An AFP report has placed the total economic losses stemming from the dzud in
Hundreds of thousands of Mongolians who lead nomadic lives and depend entirely on livestock for a living, are grappling with the country”s second straight dzud — a severe winter after a dry summer. The rare double-barreled weather phenomenon — one of the worst on record in
More than 3.5 million animals — cows, sheep, goats, yaks, horses and camels — have died so far, with 60 percent of the country still buried under deep snow. The last major dzud occurred over three straight winters from 2000 to 2002, with about 2.5 million animals dying each year. This year”s dzud has been even more deadly, and officials predict that some five million animals could die before summer.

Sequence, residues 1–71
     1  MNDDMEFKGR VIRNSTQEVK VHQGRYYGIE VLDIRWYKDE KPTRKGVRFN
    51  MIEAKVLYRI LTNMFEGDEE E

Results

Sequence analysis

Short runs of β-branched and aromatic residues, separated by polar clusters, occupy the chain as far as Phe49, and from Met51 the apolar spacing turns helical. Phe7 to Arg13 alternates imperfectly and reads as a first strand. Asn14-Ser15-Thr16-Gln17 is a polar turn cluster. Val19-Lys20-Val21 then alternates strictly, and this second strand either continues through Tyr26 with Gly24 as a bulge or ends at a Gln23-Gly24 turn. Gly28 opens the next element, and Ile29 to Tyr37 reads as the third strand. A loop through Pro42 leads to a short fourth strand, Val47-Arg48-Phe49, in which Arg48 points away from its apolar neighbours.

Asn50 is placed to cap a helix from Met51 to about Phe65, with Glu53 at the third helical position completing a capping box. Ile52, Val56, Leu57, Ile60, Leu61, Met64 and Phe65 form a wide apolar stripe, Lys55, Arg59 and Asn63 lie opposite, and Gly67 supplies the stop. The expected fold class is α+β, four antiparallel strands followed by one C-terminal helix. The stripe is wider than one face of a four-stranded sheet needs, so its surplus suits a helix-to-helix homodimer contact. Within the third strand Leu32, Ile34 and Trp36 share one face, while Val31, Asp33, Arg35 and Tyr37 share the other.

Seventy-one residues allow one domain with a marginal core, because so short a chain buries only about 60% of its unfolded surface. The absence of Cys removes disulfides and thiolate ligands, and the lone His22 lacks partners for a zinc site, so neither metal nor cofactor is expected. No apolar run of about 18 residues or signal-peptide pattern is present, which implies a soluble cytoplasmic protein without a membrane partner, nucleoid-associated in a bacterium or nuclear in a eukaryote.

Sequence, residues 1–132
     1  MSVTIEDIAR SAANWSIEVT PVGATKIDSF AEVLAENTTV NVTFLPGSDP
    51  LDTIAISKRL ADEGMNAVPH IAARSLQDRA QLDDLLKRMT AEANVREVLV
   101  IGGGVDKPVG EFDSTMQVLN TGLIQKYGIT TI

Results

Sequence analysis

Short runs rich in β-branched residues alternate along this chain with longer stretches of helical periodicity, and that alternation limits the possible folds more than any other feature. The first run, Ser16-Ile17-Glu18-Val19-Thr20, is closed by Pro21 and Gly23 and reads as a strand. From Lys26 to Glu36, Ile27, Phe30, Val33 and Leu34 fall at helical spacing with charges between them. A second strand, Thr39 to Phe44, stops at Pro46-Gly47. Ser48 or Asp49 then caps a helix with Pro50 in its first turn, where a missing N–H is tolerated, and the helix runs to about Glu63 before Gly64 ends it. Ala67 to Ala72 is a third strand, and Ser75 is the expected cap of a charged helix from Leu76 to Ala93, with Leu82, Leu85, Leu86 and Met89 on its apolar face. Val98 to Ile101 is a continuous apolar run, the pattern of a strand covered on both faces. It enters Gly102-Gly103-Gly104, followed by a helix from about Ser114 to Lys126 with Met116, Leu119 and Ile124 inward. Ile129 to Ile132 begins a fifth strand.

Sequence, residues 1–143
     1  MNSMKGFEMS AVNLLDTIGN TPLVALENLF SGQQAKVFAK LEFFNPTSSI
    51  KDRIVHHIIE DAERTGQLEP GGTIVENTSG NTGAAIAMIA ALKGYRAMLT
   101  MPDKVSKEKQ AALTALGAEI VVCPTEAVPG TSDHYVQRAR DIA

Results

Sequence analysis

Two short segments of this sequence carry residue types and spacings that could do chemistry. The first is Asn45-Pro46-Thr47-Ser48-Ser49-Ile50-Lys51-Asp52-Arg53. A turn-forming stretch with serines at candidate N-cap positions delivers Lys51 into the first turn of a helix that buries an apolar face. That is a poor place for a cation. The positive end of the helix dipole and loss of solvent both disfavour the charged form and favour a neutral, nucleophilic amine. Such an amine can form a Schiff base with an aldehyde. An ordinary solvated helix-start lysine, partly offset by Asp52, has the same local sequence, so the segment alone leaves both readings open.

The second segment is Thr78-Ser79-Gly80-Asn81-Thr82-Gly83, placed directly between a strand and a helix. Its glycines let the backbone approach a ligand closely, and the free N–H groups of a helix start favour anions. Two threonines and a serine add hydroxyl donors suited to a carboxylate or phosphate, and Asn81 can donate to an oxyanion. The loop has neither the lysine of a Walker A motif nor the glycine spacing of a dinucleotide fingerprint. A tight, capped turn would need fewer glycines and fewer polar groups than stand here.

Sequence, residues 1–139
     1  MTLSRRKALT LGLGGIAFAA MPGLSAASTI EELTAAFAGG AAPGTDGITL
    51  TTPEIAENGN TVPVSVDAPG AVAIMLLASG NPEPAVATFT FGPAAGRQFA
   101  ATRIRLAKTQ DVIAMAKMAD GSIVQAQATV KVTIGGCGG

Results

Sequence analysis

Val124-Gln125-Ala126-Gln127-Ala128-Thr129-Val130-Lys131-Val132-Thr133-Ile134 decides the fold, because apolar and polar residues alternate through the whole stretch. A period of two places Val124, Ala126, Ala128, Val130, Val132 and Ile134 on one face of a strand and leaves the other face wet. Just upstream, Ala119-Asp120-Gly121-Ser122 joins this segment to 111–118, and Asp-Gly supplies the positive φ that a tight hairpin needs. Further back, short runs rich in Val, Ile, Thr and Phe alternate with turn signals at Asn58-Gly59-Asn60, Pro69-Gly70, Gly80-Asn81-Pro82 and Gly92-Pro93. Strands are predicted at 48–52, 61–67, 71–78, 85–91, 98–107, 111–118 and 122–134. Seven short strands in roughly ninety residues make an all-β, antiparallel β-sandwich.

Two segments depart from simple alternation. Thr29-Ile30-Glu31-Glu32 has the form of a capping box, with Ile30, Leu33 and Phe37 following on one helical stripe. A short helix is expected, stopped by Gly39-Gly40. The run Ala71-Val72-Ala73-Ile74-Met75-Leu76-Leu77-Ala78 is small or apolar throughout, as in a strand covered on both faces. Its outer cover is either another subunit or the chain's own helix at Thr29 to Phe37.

Herders with 200 animals or less have been hardest hit. Inexperienced and ill-prepared for the harsh winter conditions, many have lost 50 to 60 percent of their livestock. “The big herders have managed, but small-scale herders are not equipped to deal with a dzud as powerful as this one,” said Akbar Usmani, the UNDP country representative. “They need to be weaned away from herding into some other line of business.”